The horse has been both boon and bane, in the appreciation by naturalists of how ungulates walk.

Boon, because its gaits have been thoroughly studied and illustrated.

Bane, because

  • in the horse the term 'amble' has been transferred to specialised running gaits (e.g. the tolt), while
  • in both the horse and wild equids (e.g. see Estes, page 237), the normal walking gait has slipped to being nameless.

The reason for this namelessness is that the normal walking gait of the horse and other equids ( is exactly intermediate between a semi cross-walk and an amble.

(This applies also to e.g. the African savanna buffalo, see comment below.)

In the case of Hippopotamus and Giraffa, the walking gaits are - unlike the case of equids - obvious. The former cross-walks, while the latter ambles, despite both of these ungulates being megaherbivores.

This difference is unsurprising, given that

  • in Giraffa, a cross-walk would produce excessive interference between fore and hind feet, and
  • in Hippopotamus, the body would rapidly tip to the side if both legs on that side were simultaneously lifted.

However, the relative weakness of the legs in Hippopotamus also plays a part. Rhinoceroses resemble Hippopotamus in that the hind foot does not reach where the fore foot left off (, yet these megaherbivores walk similarly to equids. This is presumably because the muscularity of the legs aids in maintaining balance.

Given that both Giraffa and (usually) Camelus amble, it is easy to assume that all relatively long-legged ungulates amble.

However, this is not so. Alces has legs proportionately longer than in any other cervid, yet it cross-walks, much like the pygmy hippopotamus.

The adaptive explanation is that Alces relies on locomoting rapidly and efficiently over fallen logs and through deep snow.

As Valerius Geist has pointed out, "when fleeing from enemies they can clear obstacles about...1 m...high without jumping, thanks to their large body and long legs. A wolf or bear on the trail of a moose, however, has to jump to get over such an obstacle...Smaller predators following the moose therefore become fatigued much sooner than the moose. On uneven ground a running moose can pass a horse easily".

The above quote refers to the trotting gait of Alces, which is basically a speeded-up version of the cross-walk, in which all four feet are simultaneously off the ground for part of the cycle. However, the efficiency applies also to cross-walking - with feet lifted high - through cluttered terrain, while Alces forages and commutes.

Another instructive comparison is between the pygmy hippo and klipspringers, which are so extremely specialised for locomotion on rocks that they walk not only on their hooves but on the tips of their hooves ( and

Despite the pygmy hippo being hardly unguligrade and klipspringers being 'hyperunguligrade', both semi cross-walk.

This is presumably because - for different reasons - both emphasise stability over efficiency of locomotion. Klipspringers risk stumbling and injuring themselves on the rocks, while the pygmy hippo risks slipping on mud and tripping on ground-level clutter in rainforest.

(The following needs checking:
A basic difference between baboons ( and ungulates is:
when the former walk, two feet are off the ground at the same time; when the latter walk, there is only one foot off the ground at any moment, for most of the stride-cycle. The instability inherent in having two feet off the ground at the same time is compensated for, in the case of cross-walkers such as baboons, by the decidedly diagonal pattern involved.)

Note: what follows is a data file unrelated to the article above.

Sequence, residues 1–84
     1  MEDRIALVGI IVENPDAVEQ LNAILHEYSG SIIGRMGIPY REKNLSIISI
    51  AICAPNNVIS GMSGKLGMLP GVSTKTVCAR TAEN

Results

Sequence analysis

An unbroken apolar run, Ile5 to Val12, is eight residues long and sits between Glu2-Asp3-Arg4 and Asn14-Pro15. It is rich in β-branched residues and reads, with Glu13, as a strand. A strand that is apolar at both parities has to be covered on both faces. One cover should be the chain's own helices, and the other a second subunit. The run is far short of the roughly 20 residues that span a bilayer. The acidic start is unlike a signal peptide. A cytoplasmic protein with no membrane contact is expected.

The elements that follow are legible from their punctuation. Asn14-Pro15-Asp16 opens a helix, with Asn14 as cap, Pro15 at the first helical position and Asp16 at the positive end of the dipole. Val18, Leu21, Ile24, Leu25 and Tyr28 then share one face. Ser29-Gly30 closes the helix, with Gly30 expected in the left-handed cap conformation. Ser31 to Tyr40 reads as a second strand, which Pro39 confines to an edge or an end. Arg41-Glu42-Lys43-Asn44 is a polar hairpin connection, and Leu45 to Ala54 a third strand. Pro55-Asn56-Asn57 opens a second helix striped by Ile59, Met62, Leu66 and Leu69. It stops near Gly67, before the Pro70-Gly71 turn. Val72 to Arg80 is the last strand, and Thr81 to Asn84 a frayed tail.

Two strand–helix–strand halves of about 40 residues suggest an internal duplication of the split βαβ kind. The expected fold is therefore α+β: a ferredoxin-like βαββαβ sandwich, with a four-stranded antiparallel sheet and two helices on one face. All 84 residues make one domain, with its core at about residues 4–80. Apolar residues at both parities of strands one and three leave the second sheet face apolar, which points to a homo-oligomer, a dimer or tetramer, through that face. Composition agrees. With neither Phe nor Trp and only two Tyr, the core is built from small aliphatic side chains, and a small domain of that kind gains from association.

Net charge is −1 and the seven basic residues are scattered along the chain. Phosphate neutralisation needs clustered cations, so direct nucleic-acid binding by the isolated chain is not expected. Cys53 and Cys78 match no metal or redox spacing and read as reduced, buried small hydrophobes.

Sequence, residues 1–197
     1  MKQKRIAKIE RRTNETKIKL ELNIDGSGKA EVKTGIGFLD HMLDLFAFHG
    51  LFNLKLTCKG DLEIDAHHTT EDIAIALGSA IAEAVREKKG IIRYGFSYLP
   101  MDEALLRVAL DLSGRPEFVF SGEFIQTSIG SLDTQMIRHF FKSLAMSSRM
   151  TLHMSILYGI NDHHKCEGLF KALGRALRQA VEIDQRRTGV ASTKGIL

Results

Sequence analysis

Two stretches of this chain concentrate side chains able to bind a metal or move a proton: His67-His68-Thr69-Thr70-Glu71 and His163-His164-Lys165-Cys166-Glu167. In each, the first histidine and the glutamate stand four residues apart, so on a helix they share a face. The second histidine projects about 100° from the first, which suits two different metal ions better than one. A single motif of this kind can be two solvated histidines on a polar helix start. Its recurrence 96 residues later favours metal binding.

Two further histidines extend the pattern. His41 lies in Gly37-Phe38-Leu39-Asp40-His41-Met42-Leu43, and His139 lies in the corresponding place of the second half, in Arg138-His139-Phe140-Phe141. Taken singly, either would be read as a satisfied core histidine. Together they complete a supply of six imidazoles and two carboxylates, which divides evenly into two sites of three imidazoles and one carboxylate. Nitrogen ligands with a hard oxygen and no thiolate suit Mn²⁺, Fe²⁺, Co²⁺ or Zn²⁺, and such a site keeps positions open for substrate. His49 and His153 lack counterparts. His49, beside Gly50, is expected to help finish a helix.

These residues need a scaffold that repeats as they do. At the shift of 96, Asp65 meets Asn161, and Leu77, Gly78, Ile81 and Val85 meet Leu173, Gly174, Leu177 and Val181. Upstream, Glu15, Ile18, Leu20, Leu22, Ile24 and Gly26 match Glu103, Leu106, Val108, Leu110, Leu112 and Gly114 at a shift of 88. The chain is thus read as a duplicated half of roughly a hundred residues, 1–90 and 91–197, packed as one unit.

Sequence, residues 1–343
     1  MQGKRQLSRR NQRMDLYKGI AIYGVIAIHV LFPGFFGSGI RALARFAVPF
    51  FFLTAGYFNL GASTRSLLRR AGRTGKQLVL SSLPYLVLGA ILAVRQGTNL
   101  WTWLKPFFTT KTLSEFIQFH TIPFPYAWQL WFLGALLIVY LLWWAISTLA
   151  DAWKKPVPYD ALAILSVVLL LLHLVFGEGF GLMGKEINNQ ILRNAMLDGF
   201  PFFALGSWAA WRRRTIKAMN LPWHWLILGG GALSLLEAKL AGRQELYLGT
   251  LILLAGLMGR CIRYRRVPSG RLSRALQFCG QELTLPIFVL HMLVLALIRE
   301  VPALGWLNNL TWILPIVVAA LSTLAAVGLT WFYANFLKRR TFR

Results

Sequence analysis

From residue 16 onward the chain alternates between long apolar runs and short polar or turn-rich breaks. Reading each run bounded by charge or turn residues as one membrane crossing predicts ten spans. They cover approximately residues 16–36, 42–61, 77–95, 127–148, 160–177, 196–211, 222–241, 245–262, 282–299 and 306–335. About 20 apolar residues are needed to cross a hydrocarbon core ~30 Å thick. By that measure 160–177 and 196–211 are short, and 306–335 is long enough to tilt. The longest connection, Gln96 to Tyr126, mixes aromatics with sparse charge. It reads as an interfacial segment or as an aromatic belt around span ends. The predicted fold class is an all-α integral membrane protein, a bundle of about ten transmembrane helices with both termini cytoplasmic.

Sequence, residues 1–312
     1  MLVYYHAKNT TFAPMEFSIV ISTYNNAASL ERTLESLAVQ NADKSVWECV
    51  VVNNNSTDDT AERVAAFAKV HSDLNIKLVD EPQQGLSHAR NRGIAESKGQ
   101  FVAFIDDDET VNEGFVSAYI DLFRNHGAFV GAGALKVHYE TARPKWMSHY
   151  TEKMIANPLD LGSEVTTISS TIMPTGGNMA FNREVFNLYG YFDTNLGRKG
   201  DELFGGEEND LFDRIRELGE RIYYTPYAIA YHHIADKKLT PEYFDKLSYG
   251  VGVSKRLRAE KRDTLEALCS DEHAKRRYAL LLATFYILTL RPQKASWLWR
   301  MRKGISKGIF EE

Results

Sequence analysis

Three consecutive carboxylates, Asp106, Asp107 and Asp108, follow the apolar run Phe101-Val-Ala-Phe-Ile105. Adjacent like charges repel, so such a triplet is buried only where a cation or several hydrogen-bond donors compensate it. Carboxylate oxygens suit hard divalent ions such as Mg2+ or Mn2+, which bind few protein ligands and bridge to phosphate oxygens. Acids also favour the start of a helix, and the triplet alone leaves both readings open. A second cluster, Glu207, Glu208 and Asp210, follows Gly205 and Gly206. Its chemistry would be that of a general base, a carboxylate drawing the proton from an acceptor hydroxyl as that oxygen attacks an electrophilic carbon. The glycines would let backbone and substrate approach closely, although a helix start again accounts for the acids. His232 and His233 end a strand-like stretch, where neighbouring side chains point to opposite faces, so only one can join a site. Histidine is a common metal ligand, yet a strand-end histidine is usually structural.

to be continued in

הועלה ב-ספטמבר 30, 2023 03:21 לפנה"צ על ידי milewski milewski


The aardvark (Orycteropus afer) cross-walks, similarly to baboons:

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Aces alces gigas is said to reach a height of 2.1 m at the withers, corresponding to a body mass of about 800 kg. One way to visualise this size is by comparison with the horse (Equus caballus)

On average, the thoroughbred racehorse has a height at the withers that is about 15 cm lower than the average height of adult male Homo sapiens:

The largest individuals of E. caballus have reached the same height, at the withers, as the largest individuals of A. alces:,%2C%20just%20above%20the%20shoulder.)

However, the body mass of the largest-bodied individual (1524 kg) of E. caballus was about double that reached by A. a. gigas. This is largely because the horse ( exceeds the moose ( in the girth of the torso and hindquarters.

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Phacochoerus ambles:

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In the African savanna buffalo (Syncerus caffer), the walking gait seems to be on the borderline between an amble and a semi cross-walk.

On one hand, the fore hoof lifts before the hind hoof on the same side lands - which indicates an amble.

On the other hand, the hind hoof lifts before the fore foot on the opposite side lands - which indicates a semi cross-walk.

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@matthewinabinett @beartracker

Estes (1991), on pages 112-113, states the following about the grey rhebok (Pelea capreolus), under the heading 'postures and locomotion':

"The rhebok has an ambling walk on level ground, which changes to a cross-walk on slopes and broken ground."

The following shows a semi cross-walk, confirming Estes:

However, the following indicate that the semi cross-walk, rather than an amble, is maintained even on level ground:

The following seems to show a remarkably full cross-walk in the grey rhebok, as it walks downslope:

These observations indicate adaptive convergence in walking gaits between Pelea and Oreotragus, which overlap in habitat. I have yet to find any photograph confirming that the grey rhebok ambles, even on level ground.

The trot, a gait not mentioned by Estes for the grey rhebok, is revealed in and This is a running version of the cross-walk. The grey rhebok thus differs from Oreotragus, which does not trot.